The IIS team has added capabilities to Windows Server 2016 and Windows Server 2012 R2 to log custom fields related to encryption protocol versions and ciphers. We recommend reviewing the following blog for documentation on how to enable these custom fields and begin parsing logs for information on incoming connections in your environment related to HTTP based protocols. https://cloudblogs.microsoft.com/microsoftsecure/2017/09/07/new-iis-functionality-to-help-identify-w...
Unfortunately, the IIS custom fields mentioned above do not exist for Windows Server 2008 SP2 through Windows Server 2012. You may have to rely on alternate methods to validate TLS 1.2 is in use on these versions of Windows Server for HTTP based protocols. Your load balancer or firewall logs may be able to provide this information. Please request guidance from your vendors to determine if their logs may provide this information.
Message header data in Exchange Server 2016 provides the protocol negotiated and used when the sending and receiving host exchanged a piece of mail. While this is a more manual method of checking how mail arrived it can be used for testing between specific systems in a pinch. Example when viewing message header data via Message Header Analyzer at https://testconnectivity.microsoft.com
Note: There is one known exception to the message headers example. When a client sends a message by connecting to a server using authenticated SMTP (also known as the SMTP client submission protocol), the TLS version in the messages headers does not show the correct TLS version used by a customer’s client or device. Microsoft is investigating the possibility of adding this information in a future update.
SMTP Logs in Exchange 2010 through Exchange 2016 will contain the encryption protocol and other encryption related information used during the exchange of email between two systems. When the server is the SMTP receiving system, the following strings exist in the log depending on the version of TLS used.
When the server is the SMTP sending system, the following strings exist in the log depending on the version of TLS used.
A server sending mail to another system using TLS 1.2:
2018-02-22T13:53:10.494Z,<CONNECTORNAME>,08D578EB9C3F6C39,28,10.0.0.240:15443,192.168.1.42:25,*,,"TLS protocol SP_PROT_TLS1_2_CLIENT negotiation succeeded using bulk encryption algorithm CALG_AES_256 with strength 256 bits, MAC hash algorithm CALG_SHA_384 with strength 384 bits and key exchange algorithm CALG_ECDHE with strength 384 bits"
A server receiving mail from another system using TLS 1.2:
2018-02-22T13:50:37.681Z,SERVERNAME\CONNECTORNAME Internet,07C578BB0E912319,22,10.0.0.241:25,192.168.1.102:63767,*,,"TLS protocol SP_PROT_TLS1_2_SERVER negotiation succeeded using bulk encryption algorithm CALG_AES_256 with strength 256 bits, MAC hash algorithm CALG_SHA_384 with strength 384 bits and key exchange algorithm CALG_ECDHE with strength 256 bits"
No logging exists which will expose the encryption protocol version used for POP & IMAP clients. To capture this information, you may need to capture netmon logs from your server or inspect traffic as it flows through your load balancer or firewall where HTTPS bridging is taking place.
In many deployments by the time client connections reach the Exchange Server, the source IP of the incoming client connection has been replaced with the IP address of your load balancer or firewall. While you are still able to identify if TLS 1.2 is being used by these connections and validate your servers are operating properly, you may be unable to identify exactly what machine is responsible for the incoming client connection if it is still using older TLS protocol versions. In this scenario you may need to request guidance from the vendor of your load balancer of firewall to be able to parse the logs of those devices to find the true IP of the incoming connection, so you may ensure those machines are also properly updated and configured.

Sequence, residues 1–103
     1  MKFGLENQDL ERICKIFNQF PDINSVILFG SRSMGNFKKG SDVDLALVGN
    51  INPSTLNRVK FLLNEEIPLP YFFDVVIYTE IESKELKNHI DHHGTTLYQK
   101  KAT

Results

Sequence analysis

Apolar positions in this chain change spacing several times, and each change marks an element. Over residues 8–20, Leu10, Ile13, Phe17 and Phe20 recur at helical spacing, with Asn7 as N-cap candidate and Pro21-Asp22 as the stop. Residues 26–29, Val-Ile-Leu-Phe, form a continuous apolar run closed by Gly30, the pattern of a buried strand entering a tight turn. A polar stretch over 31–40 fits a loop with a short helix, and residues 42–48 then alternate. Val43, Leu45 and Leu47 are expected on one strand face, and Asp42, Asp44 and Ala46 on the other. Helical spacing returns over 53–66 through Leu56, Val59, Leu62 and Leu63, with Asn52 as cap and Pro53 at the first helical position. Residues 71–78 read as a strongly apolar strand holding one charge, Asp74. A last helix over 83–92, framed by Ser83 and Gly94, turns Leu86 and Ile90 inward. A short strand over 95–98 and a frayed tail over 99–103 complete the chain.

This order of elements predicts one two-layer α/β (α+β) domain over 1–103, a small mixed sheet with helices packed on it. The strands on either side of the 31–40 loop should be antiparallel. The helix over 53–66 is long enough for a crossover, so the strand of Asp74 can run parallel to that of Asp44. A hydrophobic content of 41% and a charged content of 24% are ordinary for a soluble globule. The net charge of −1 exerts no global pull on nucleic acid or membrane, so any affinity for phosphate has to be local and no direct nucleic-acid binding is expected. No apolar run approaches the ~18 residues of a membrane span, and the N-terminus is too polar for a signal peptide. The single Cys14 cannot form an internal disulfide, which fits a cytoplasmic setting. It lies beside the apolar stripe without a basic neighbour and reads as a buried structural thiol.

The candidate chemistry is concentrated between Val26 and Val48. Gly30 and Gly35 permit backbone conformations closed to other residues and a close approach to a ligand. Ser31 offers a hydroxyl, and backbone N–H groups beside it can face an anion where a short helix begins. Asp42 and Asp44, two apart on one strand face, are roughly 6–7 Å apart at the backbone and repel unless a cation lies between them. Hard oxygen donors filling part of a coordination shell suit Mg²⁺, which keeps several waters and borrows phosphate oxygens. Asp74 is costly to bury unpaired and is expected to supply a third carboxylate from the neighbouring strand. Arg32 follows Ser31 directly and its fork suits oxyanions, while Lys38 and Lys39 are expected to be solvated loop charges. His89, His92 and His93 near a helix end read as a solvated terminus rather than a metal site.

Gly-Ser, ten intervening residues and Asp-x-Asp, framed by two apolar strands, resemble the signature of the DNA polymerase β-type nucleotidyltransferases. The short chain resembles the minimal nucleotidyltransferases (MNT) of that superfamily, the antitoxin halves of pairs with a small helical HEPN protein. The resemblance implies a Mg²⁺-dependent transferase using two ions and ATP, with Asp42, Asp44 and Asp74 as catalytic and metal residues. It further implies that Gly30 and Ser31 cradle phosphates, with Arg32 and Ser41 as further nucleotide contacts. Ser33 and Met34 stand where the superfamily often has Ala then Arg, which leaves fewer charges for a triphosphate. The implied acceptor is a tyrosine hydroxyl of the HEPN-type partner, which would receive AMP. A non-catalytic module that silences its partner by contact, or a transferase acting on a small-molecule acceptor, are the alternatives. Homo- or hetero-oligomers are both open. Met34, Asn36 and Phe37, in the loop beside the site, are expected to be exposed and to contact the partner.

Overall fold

There are many more considerations beyond Exchange Server when making any changes to cryptography settings within an environment. Considerations such as (but not limited to):
The point to take home here is while we can provide guidance for interacting with Office 365, Exchange Server, and other Microsoft products - we cannot guarantee everything in your environment will be unaffected. As such we strongly recommend any steps you take to transition to TLS 1.2 and away from older security protocols are first performed in labs which simulate your production environments before you slowly start rolling them out in production.
Configure your Exchange Servers so they can use TLS 1.2 for incoming and outgoing connections using the steps provided and validate the protocol is actively being used. Start identifying incoming connections using older versions of TLS after TLS 1.2 has been enabled and make plans for those clients if you intend to disable older TLS protocol versions. Remember, a “client” in these terms could be another server device but when we see it as an incoming connection to an Exchange Server we consider the host initiating the connection to be operating in the role of a client. Deploy the latest releases for Exchange 2010, Exchange 2013, and Exchange 2016 released in March 2018. These releases are the first to support turning off TLS 1.0 and TLS 1.1. Guidance on how to do this will be made available in Part 3 of this blog post series.
With proper execution, you will be able to enable the TLS 1.2 protocol on any Exchange Server running an Exchange Server Cumulative or Update Rollup released after September 1, 2017 installed on OS’es as far back as Windows Server 2008 SP2. With all your Exchange Servers able to use TLS 1.2 for incoming and outgoing connections you should be well prepared for the eventual sunsetting of older TLS protocols. Equally important is understanding what incoming connections in your environment are not utilizing TLS 1.2 now that it is available and building a plan for each of those systems if you intend to disable the older TLS protocols.
Senior Program Manager Office 365 Customer Experience